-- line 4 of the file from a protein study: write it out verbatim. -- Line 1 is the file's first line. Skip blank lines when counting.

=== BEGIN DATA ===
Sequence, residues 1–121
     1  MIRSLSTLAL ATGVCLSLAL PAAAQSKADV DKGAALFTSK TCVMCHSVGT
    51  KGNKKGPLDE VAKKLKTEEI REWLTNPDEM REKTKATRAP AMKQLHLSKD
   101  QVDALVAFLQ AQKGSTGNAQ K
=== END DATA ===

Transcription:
   101  QVDALVAFLQ AQKGSTGNAQ K